The previous example assumed that the surface 22 of the component 10, relative to which the transducer 20 was scanned, was known. In the event that this surface 22 is not known, the following modified process can be employed to perform the mapping step 102. For each face 24, steps 107-109 are repeated, as discussed above with reference to
Similarly, the inspection method can be applied to an infrared radiography (IR) image, which is obtained using an IR inspection system (not shown). IR inspection systems are known, and hence the details are not discussed here. 12.
Moreover, the process shown in
In addition, the process shown in
As indicated in
Beneficially, the invention does not require the use of a reference geometry, in order to map inspection data onto the 3D CAD model with a high level of accuracy.
Other benefits of the invention include the fusion of multi-modality inspection data onto a solid 3D CAD model to form a 3D inspection model. In addition, redundant data can be removed using prior knowledge of the relative accuracies of the inspection modalities or based on statistical analysis. In this manner, the most relevant inspection data for the various inspection modalities is fused and mapped onto the solid CAD model, in order to improve overall inspection accuracy. Beneficially, the solid CAD model is more precise than a mesh model and can retain tolerance specifications and engineering requirements, whereas a mesh model cannot. In addition, the invention validates the inspection data against the three-dimensional model 12 of the component, in order to remove unreliable inspection data from the 3D inspection model. The resulting 3D inspection model can be displayed or used in engineering analyses. Further, the fused multi-modality inspection model can be used to study the strength of different modalities, the result of which can be used as a guideline for multimodal inspection planning, in order to improve overall inspection accuracy and inspection efficiency.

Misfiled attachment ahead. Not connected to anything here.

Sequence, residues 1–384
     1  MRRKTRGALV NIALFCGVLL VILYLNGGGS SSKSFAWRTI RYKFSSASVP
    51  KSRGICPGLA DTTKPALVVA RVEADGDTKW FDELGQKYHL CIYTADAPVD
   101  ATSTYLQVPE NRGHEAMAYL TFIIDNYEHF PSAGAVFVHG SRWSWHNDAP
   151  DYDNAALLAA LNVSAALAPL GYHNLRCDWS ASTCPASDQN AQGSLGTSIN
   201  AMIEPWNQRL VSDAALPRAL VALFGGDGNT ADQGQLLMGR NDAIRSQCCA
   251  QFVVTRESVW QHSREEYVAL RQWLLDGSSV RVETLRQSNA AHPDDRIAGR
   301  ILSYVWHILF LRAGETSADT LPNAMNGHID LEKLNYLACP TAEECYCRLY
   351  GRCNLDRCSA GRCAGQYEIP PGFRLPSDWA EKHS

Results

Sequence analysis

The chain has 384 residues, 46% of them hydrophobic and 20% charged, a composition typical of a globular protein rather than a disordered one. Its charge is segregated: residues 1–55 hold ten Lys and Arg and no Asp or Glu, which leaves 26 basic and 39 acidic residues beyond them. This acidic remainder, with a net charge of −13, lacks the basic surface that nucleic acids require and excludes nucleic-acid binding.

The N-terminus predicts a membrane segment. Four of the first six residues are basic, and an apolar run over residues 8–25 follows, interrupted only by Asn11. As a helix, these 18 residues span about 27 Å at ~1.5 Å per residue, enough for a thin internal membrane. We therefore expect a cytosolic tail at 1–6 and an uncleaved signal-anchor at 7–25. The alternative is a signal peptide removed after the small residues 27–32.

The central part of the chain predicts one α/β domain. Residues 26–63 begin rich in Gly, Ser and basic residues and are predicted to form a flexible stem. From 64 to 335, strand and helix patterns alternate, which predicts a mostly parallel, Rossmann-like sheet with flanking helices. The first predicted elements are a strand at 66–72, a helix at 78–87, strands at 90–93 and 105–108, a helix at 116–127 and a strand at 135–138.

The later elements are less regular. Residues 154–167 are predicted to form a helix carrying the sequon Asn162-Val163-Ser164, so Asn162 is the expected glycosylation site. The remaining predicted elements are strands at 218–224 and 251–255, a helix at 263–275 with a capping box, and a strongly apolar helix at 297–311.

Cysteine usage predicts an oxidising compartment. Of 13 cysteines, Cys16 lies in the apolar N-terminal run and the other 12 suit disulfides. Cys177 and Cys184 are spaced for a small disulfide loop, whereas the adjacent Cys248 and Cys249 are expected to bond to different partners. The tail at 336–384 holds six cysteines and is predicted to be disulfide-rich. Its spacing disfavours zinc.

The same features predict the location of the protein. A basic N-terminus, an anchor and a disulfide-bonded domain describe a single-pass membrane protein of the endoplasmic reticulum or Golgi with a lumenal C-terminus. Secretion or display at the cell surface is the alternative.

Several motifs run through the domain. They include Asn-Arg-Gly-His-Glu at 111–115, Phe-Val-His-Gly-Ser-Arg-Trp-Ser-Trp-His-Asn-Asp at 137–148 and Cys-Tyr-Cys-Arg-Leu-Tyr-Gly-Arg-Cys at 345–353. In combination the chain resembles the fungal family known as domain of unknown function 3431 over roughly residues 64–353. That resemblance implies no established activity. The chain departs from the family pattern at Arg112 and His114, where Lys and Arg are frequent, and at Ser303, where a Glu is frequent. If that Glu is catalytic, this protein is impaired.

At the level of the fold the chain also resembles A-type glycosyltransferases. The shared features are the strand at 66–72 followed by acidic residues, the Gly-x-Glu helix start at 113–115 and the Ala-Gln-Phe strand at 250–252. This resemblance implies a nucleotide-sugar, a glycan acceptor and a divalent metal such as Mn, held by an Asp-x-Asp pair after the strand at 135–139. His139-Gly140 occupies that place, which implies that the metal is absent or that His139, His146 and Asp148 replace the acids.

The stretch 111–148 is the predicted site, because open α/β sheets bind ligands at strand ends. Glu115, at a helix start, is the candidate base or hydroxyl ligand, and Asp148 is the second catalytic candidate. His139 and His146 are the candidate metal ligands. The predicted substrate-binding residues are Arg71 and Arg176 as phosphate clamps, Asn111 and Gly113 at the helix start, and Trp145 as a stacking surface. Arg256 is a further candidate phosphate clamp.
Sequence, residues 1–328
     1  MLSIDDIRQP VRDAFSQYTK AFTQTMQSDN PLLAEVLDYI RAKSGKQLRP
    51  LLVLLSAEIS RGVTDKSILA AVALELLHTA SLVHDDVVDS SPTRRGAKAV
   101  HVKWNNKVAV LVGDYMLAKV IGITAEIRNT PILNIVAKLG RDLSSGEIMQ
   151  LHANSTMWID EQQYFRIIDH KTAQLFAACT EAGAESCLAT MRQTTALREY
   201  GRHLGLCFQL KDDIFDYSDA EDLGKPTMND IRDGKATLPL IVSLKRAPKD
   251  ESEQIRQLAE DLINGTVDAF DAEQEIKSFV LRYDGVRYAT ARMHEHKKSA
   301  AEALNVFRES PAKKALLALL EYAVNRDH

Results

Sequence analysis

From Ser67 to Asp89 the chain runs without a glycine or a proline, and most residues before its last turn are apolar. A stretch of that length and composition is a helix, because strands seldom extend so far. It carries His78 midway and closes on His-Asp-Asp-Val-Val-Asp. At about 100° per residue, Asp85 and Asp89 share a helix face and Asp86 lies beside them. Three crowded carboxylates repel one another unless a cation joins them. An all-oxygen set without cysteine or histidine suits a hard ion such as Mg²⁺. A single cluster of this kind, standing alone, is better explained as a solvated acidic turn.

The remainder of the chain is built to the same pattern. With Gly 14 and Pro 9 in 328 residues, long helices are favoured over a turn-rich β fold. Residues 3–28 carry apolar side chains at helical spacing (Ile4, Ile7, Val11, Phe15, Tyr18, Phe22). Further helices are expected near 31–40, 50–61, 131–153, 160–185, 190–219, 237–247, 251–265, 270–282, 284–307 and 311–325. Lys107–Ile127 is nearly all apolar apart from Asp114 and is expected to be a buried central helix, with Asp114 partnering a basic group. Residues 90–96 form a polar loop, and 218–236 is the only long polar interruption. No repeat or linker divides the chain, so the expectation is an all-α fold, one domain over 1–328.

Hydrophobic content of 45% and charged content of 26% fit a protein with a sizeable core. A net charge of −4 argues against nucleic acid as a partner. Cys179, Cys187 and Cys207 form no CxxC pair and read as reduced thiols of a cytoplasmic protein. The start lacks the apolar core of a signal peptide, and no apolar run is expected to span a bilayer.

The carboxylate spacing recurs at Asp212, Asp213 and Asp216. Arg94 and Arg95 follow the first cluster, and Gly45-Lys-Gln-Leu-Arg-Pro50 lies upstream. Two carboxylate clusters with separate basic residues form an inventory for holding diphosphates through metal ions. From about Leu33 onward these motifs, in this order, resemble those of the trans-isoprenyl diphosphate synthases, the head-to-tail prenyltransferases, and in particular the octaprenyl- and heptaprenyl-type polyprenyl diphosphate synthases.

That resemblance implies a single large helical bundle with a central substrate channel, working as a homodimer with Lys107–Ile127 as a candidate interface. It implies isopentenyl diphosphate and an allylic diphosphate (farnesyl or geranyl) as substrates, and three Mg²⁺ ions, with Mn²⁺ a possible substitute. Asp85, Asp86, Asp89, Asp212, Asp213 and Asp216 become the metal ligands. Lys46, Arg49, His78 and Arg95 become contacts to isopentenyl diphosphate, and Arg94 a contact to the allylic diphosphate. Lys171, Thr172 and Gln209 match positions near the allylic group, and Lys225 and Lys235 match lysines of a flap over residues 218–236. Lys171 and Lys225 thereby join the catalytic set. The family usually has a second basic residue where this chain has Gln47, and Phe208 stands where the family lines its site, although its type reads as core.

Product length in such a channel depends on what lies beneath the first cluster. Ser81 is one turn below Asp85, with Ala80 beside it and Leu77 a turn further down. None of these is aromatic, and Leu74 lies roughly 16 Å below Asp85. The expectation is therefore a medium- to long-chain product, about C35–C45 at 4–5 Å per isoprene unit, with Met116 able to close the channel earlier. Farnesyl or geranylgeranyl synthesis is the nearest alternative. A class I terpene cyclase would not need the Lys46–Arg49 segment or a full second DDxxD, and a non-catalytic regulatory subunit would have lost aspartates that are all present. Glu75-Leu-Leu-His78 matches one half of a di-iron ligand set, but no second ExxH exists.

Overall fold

Although only certain features of the invention have been illustrated and described herein, many modifications and changes will occur to those skilled in the art. It is, therefore, to be understood that the appended claims are intended to cover all such modifications and changes as fall within the true spirit of the invention.
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|U.S. Classification||702/152, 382/149, 382/152, 356/239.7, 382/154, 356/237.1, 702/150, 356/237.2|
|International Classification||G01C9/00, G01N21/00|
|Cooperative Classification||G06K2209/19, G06K9/00, G06K9/32|
|European Classification||G06K9/00, G06K9/32|
|Nov 27, 2007||AS||Assignment|
Owner name: GENERAL ELECTRIC COMPANY, NEW YORK
Free format text: ASSIGNMENT OF ASSIGNORS INTEREST;ASSIGNORS:WU, YANYAN (NMN);LITTLE, FRANCIS HOWARD;SINGH, PRABHJOT (NMN);REEL/FRAME:020159/0340
Effective date: 20071119
|Mar 2, 2015||FPAY||Fee payment|
Year of fee payment: 4